48 Hours on the Causeway Coast
It is one of the most beautiful journeys anywhere in Ireland. When you consider that this stretch of iconic coastal landscape includes a World Heritage Site, historic ruined castles, one of the world's top 10 golf courses and the world's oldest whiskey distillery, you begin to understand it's more than a short break; it's an absolute must visit and it's one that you don't have to go too far to enjoy - Northern Ireland's warm welcome is just a couple of hours away.
Take The Coast Road
If you're driving from the South, stop off in the thriving city of Belfast - the southern gateway to the Causeway Coastal Route.
The nine deeply sculpted Glens of Antrim need to be seen to be believed. The stunning views offered throughout mean you could spend a tremendous day driving this meandering coastal route, but do take time inland from the crashing sea to visit Glenariff Forest Park and the unique Waterfall Walkway, situated in the 'Queen of the Glens'.
The Glens swirl with myths and legends, whether it's Glenaan with the legendary warrior-poet Ossian's grave or Glenshesk sweeping towards the ruins of historical Bonamargy Friary. Beautiful coastal towns such as Cushendall and the charming Cushendun, most of which is owned by the National Trust, are picturesque and welcoming places to stop for lunch and to while away a few hours.
In the Footsteps of Giants
The Giant's Causeway itself is an unbelievable sight to behold. Was its staggering 40,000 interlocking basalt stone columns leading into the Irish Sea the result of millions of years of seismic activity, or was there magic in the air? Certainly on a clear day it's easy to believe that it was indeed the creation of the giant Finn McCool to enable him to walk to Scotland and take on his arch rival, the Scottish giant Benandonner. Whatever you believe, don't wait for a fine day as it's stunning in all weathers.
Get Your Boots On
If you feel like a real stretch of the legs, the dramatic coastal path that leads to the Carrick-a-Rede Rope Bridge is well worth the effort. And if you can brave the exhilarating rope bridge challenge, crossing the 24m deep and 20m wide chasm, then the views and sense of achievement are hugely rewarding! Other fabulous walks are along some of the windswept beaches washed by Atlantic rollers (great for surfing) or the sheltered bays such as stunning Whitepark Bay.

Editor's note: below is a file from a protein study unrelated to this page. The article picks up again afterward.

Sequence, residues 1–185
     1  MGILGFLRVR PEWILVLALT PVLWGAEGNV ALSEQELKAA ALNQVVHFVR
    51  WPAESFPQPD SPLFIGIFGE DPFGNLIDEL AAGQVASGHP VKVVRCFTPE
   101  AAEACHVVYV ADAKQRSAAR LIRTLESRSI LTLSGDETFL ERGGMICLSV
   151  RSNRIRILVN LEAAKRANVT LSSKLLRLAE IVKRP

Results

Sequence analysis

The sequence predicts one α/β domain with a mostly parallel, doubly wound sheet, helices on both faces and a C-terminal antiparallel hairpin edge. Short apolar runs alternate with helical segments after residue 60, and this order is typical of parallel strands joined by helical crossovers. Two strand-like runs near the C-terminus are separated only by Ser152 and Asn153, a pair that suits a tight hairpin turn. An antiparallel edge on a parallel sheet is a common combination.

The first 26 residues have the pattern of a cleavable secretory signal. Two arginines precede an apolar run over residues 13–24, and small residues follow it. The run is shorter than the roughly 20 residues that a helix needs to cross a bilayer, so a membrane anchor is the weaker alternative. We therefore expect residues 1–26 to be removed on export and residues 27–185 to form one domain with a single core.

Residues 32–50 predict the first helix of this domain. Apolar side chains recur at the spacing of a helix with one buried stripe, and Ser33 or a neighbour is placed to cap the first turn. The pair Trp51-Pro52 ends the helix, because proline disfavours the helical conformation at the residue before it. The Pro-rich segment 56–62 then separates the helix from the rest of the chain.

Too much walking? Then why not let a steam locomotive take the strain? The scenic Giant's Causeway and Bushmills Railway runs to the home of the world's oldest whiskey distillery, Old Bushmills, where you can try a drop of 'uisce beatha', - well they do say that the 'water of life' is the perfect restorative! Near to Bushmills is atmospheric Dunluce Castle, clinging to its rocky crags for 800 years. Stunning Mussenden Temple is part of the impressive 18th century Downhill Demesne with ruins, gardens and breathtaking walks along the cliff top.
Where better to start than the world famous Royal Portrush Golf Club where the Dunluce Links course is played regularly by the game's top pros and a host of celebrities from around the world. The ocean here is great for surfing and other water sports. Scuba dive to wrecks (some off the beautiful Rathlin Island, a rare place of extraordinary ecological value), body board or windsurf - the choice is yours.
You don't have to believe in mythical giants to think that this coast is truly magical.